Colorectal Cancer

colorectal cancer

The human digestive system is consists of the mouth, pharynx (throat), esophagus, stomach, colon, rectum, and anus. The colon and rectum help the body get rid of solid waste (stool). Colorectal cancer means cancer of the colon or rectum. It is an uncontrolled and rapid growth of colon or rectum cells. The cancer cells may spread to other organs (liver, bladder). The cancer cells in the other organ appear similar to the cells that started growing in the colon or rectum.

What are the signs and symptoms?

Colorectal cancer overgrows gradually over the years. These cancers begin as a polyp. If a polyp is removed early, it may prevent the malignancy. Symptoms of colorectal cancer include changes in stool, bleeding in stool, appetite loss (anorexia), or abdominal pain (bellyache).

What are the diagnostic tests for colorectal cancer?

Colonoscopy: The doctor inserts a thin tube having a light on the other end through the anus, into the rectum and colon. If any abnormal mass or polyp is present, the doctor removes a piece of the mass to check for cancer cells.

CT scan: It is a kind of x-ray that takes detailed images of your insides. CT scan is helpful to detect cancer spread.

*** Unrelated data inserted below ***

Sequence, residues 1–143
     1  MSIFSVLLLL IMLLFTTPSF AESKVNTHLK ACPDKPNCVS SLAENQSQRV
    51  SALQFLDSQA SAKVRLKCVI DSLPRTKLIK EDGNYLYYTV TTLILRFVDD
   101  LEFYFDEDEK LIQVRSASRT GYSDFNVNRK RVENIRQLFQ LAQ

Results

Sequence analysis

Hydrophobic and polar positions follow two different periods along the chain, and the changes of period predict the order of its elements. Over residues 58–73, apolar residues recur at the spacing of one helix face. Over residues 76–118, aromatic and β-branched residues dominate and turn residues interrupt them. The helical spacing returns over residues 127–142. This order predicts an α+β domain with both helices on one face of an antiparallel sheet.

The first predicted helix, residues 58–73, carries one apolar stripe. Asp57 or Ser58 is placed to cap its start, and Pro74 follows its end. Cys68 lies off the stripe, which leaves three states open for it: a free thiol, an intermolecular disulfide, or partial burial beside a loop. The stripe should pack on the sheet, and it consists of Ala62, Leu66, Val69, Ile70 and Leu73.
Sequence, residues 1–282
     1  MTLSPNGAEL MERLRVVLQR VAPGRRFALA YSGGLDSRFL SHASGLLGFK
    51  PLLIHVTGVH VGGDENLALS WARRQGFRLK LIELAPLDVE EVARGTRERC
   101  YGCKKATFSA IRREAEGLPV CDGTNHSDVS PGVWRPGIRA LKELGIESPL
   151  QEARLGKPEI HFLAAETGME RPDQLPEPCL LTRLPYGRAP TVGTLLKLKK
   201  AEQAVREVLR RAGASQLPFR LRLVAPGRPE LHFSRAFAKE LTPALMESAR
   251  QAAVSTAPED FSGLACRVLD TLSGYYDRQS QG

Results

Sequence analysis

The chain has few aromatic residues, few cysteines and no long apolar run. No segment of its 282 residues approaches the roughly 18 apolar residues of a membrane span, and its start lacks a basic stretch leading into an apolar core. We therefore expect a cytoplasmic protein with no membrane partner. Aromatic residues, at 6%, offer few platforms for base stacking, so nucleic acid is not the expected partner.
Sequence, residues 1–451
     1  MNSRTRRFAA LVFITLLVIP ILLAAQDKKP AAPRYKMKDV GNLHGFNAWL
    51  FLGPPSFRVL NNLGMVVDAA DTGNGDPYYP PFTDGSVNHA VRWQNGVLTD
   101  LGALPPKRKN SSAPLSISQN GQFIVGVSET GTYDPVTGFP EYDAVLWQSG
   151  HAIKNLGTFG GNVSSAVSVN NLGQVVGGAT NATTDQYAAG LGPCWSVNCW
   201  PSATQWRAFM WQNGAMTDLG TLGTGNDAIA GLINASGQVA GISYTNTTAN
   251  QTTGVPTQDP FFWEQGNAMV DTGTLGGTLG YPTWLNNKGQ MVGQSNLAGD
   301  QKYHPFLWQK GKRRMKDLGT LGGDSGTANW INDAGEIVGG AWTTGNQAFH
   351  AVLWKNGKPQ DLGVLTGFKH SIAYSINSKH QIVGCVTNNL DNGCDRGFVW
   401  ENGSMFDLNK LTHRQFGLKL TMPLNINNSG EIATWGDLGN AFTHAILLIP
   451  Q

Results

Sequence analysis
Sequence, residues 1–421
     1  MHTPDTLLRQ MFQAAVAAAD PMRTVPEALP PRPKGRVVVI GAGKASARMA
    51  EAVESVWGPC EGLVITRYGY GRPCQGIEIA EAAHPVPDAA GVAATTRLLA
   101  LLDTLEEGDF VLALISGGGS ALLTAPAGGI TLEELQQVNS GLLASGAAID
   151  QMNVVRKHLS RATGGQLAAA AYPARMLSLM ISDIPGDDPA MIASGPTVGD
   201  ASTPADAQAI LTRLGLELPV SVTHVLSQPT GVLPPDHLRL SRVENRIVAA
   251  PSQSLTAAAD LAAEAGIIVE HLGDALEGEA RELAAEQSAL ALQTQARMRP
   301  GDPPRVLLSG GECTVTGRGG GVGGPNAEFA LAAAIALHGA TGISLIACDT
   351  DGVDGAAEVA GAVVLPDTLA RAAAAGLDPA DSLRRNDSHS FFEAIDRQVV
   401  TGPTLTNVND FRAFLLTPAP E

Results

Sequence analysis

Ultrasound: The doctor moves a small wand around on the skin. It produces sound waves and picks up the echoes as they bounce off tissues. The echoes are represented as an image on a computer screen. It helps to find cancer and cancer spread.

MRI: It uses radio waves and strong magnets to create detailed images. MRI helps screen the liver, brain, and spinal cord.

Chest x-rays: X-rays help to check cancer spread in the lungs.

PET scan: The doctor puts a small amount of a low-level radioactive substance in the blood, which attaches to the cancer cells. A special camera helps to detect the areas of radioactivity. These scans can help to show the cancer spread.

Biopsy: The doctor removes a small piece of a cancerous mass. The experts check the pieces in the lab for cancer cells. It is an accurate way to know the presence of cancer cells.

Gene and protein tests: The doctor tests cancer cells for proteins (KRAS, BRAF, MMR, and MSI) and genes. Knowing the type of genes or proteins can help the doctor decide the treatments.

How advanced is my cancer?

Staging helps to determine the extent of cancer growth and spread through the layers of the colon wall or rectum wall. It identifies the severity of cancer spread to other organs.

Colorectal cancer has 0,1, 2, 3, or 4 stages. The lower number indicates less spread of cancer. A higher number indicates major cancer spread outside the colon or rectum. Ask your doctor about the cancer stage and what to expect from it.

What are the suitable treatments for me?


Surgery helps to cure or control cancer and make symptoms better. It is a standard option to curb colorectal cancer if not spread outside the colon or rectum. For colon cancers, sometimes the doctor creates an opening (colostomy) on the stomach to get rid of stool.

  • For early-stage and close to the anus cancers, the doctor removes cancer through the anus, minus cutting through the skin.